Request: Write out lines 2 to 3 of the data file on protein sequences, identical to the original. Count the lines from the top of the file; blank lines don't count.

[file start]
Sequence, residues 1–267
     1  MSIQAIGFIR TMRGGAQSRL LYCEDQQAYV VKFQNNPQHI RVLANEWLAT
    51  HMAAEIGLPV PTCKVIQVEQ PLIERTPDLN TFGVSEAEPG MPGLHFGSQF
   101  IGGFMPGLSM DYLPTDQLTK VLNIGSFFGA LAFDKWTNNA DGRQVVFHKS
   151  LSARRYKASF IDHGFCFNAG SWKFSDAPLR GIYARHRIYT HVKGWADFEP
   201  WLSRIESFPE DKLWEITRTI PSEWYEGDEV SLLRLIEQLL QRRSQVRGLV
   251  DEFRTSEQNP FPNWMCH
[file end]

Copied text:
     1  MSIQAIGFIR TMRGGAQSRL LYCEDQQAYV VKFQNNPQHI RVLANEWLAT
    51  HMAAEIGLPV PTCKVIQVEQ PLIERTPDLN TFGVSEAEPG MPGLHFGSQF